What should educators demand?

24 Sep

There has been talk among the Badass Teachers Association about  organizing a mass action in Washington D.C.  Mark Naison, one of the founders of BAT, asked for suggestions on what we would demand if we were to mobilize like this.  I’m writing this post to share my suggestions.

Mark proposed the following:

1. End Race to the Top and eliminate all financial incentives to states and localities to use student test scores to rate teachers, close allegedly “failing” schools, and prefer charter schools over public schools.

2. End Federal support of the Common Core standards, and leave the decision of whether to use them to states and localities without pressure from the US Dept of Education.

3. Use federal funds currently directed towards testing and data collection to lower class size and fund libraries, school counselors and the arts

4. Remove the current Secretary of Education and replace him with a lifetime educator who has at least 10 years classroom experience

5. Call a White House Conference on Education where 50 percent of the participants are teachers, and the rest administrators, parents and students.

school-to-prison

End the School to Prison Pipeline. Image from Liberation News.

I like some of these, especially 1-4.   However, I think they are  still within the framework of defending public education from corporate education reformers.  While this is important, I don’t think it’s enough.  I think we also need to organize to transform public education ourselves.    With that in mind, I’d like to propose we also make demands like this on the federal government:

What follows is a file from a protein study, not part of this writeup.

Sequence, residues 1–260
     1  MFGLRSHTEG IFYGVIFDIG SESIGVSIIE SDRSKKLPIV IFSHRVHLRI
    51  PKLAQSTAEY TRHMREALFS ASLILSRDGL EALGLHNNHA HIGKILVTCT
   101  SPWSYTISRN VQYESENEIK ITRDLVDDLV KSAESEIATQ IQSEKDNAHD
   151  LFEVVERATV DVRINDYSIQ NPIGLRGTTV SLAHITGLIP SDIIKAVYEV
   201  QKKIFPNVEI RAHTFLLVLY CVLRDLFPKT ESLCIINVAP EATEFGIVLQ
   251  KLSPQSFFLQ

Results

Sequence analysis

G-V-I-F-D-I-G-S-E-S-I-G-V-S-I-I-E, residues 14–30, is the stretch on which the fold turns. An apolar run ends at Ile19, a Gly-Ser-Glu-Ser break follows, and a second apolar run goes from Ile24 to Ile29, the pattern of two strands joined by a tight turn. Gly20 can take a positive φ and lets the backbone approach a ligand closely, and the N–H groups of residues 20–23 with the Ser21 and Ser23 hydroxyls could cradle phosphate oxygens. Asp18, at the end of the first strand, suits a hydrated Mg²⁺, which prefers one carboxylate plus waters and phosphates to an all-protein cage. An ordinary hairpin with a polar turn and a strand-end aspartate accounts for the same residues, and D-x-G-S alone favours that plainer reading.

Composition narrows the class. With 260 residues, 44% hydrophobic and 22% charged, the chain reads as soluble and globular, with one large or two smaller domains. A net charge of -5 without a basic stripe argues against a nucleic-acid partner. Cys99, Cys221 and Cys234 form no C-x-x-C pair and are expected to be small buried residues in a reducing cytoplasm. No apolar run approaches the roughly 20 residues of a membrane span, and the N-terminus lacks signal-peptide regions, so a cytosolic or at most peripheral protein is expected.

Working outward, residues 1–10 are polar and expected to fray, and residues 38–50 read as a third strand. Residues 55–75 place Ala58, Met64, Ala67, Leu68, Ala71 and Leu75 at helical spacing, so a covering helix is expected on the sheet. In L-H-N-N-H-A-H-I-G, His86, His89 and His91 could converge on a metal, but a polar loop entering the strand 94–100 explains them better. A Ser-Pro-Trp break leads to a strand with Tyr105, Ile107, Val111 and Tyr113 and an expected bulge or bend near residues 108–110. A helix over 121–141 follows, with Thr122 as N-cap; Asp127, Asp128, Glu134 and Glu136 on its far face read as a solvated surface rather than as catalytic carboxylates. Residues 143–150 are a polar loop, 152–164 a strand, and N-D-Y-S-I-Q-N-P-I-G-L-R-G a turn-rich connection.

•  Let’s demand that congress peg prison funding to eduction funding, so that every time they increase funds for prisons they must increase funds for education, and every time they cut funds for education, they must also cut funds for prisons.  Let’s follow up to make sure this is not co-opted by making sure our schools themselves do not function as prison pipelines, which means positive behavior interventions instead of surveillance, cops, isolation rooms, etc.
  • Let’s demand that federal regulations  require all employers to give family members of school aged children paid time off to support their kids’ education. This could look like volunteering in the classroom, becoming active in setting school policies, and especially intervening when kids are in crisis, as an alternative to suspensions and expulsions.
  • Let’s demand that Congress  repeal any legal limitations that prevent collective action on the job or that limit collective action to issues of wages of benefits alone. In particular, remove any limitations of labor law that would prevent teachers, parents, and students from controlling hiring and firing of teachers, curriculum development and adoption, and school policies. Repeal the Taft Hartley Act and other anti-labor laws.

These  demands might help us cultivate a unified teacher-parent-student movement; they might help us prevent  a situation where teachers are  treated as simply another special interest group in competition with other groups.  Let’s make it clear: we are badass workers, and an injury to one is an injury to all.

Mexican teachers occupy the Zocalo, the central square in Mexico City.  Image from

Mexican teachers occupy the Zocalo, the central square in Mexico City. Image from Fox News Latino.

To even come close to winning demands like this, we’d need to engage in a mass struggle that breaks from scripted, predictable forms of protest and pushes the limits, just like the Mexican teachers are doing.   As Jim Horn asks,